AHRA’s New Boat Chute and Fish Ladder

A newly completed two-year-long construction project lets boaters and fish travel the Arkansas River from Leadville to Cañon City.
AHRA chute/ladder
New $9.1 million boat chute/fish ladder that opened on the Arkansas River this spring, allows navigation from Leadville past Cañon City for the first time since 1964. Photo courtesy of Colorado Parks and Wildlife / Bill Vogrin

With a few weeks left in the whitewater boating season in the Arkansas Headwaters Recreation Area (AHRA), river rangers, aquatic biologists and outfitters are praising a new $9.1 million boat chute/fish ladder that opened on the Arkansas River this spring, allowing navigation from Leadville past Cañon City for the first time since 1964.

Video: Drone footage of the boat chute and fish ladder and boaters navigating the rapids.

The Homestake Arkansas River Diversion, located near Granite, north of Buena Vista, was built by Colorado Springs Utilities and Aurora Water to replace an intake structure that feeds water into the nearby Otero Pump Station for transport to the Front Range communities’ drinking water systems.

Colorado Parks and Wildlife, (CPW) and the Colorado Water Conservation Board contributed $1.2 million to support the project and the Pueblo Water Board donated easements necessary to construct and maintain the diversion.

Video: Tappan Brown Interview

The new structure created three channels in the river as part of the new intake for the Homestake Project trans-mountain raw water collection, storage and delivery system. One channel is a 650-foot-long boat chute with six drop structures and pools designed to improve safety for whitewater kayaks and rafts. Another channel is a fish passage that allows fish, primarily rainbow and brown trout, to swim upstream and spawn in the fall. The middle lane of the structure is a spillway during high water flooding events, typically in the spring runoff.

New three channel river structure.
New three channel river structure. Photo courtesy of Colorado Springs Utilities / Tom Hankins.

Tom Waters, Operations Manager of the AHRA, praised the new diversion as a huge improvement over the old structure that required boaters from Leadville to leave the water and portage, or carry, their kayaks or rafts around it to avoid a dangerous dam.

And he noted experienced whitewater enthusiasts are glad the diversion didn’t make the upper stretch of the Arkansas easier. Just more accessible and provided different options for recreating on this section of river.

“Prior to this, it was a mandatory portage under most circumstances,” Waters said. “For the utility partners to put so much time, money and effort into this is huge. They are meeting their water needs, the needs for fish passage and providing for recreational needs. And they did it in an aesthetically pleasing way. It looks great.”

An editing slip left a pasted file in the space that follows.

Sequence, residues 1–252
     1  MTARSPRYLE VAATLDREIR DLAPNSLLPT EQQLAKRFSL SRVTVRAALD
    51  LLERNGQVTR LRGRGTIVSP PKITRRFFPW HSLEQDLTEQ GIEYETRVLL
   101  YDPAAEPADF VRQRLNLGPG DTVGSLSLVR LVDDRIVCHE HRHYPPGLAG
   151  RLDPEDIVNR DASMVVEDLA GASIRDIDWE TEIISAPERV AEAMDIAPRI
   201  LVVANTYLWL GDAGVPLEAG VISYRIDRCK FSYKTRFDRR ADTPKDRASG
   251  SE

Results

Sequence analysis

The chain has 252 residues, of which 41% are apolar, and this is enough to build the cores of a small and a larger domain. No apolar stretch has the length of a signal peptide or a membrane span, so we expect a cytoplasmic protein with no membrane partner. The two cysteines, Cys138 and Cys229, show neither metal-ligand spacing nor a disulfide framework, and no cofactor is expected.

Equally enthusiastic about the structure is Josh Nehring, CPW’s senior aquatic biologist for the Southeast Region.

“It was a big project for the partners to get it designed properly to accommodate both boat and fish passage,” Nehring said. “We’re pretty certain fish will be able to move through it. In fact, we’re going to study it this fall when brown trout are moving up river to spawn.”

CPW aquatic biologist Michael Atwood in Salida plans to survey the river above, through and below the structure using electroshock equipment. He’ll catch brown trout, mark them and then survey after the spawn to see if they did, indeed, make it upstream.

“We’ll try to verify if fish are, in fact, moving through it,” Atwood said. “We’ll see if we can tell if any of the tagged fish have migrated upstream through the structure.”

Construction started in 2018 and it was a challenging two-year experience for the builders but worth it, said Senior Project Engineer for Colorado Springs Utilities Brian McCormick. 

“This project both improved the operation and reliability of the river intake and reduced risk for river users,” McCormick said. “And we wanted to add the boat chute to open this 136-mile stretch of river for navigation.”

AHRA River Rangers Tappan Brown and Catelin Miles ride the rapdis of the boat chute, flanked by the intake structure for the Homestake Project trans-mountain raw water collection, storage and delivery system. 

To enhance the whitewater experience and avoid dangerous hydraulics, the utilities employed computerized design technology and constructed a 1/12th scale model to study flows. Then they placed boulders in the chutes individually to assure water flows were safe for boaters and allowed optimum fish passage.

McCormick noted the AHRA didn’t exist in 1964 when the intake and diversion were originally constructed and river recreation was not a design priority as it was today. He, too, praised the partnership that allowed the project to happen.

“Today, there are multiple demands placed on our rivers including water supply and recreation,” McCormick said. “We’re proud to be part of such a unique partnership that is able to satisfy so many needs of our customers.”

Praise also came from Bob Hamel, executive director of the Arkansas River Outfitters Association.

“The diversion works fine,” Hamel said. “We’re grateful they built the boat chute to accommodate our activity. The people who ran it appreciated not having to portage.”

Written by Bill Vogrin. Bill is a public information officer for the Colorado Parks and Wildlife southeast region.

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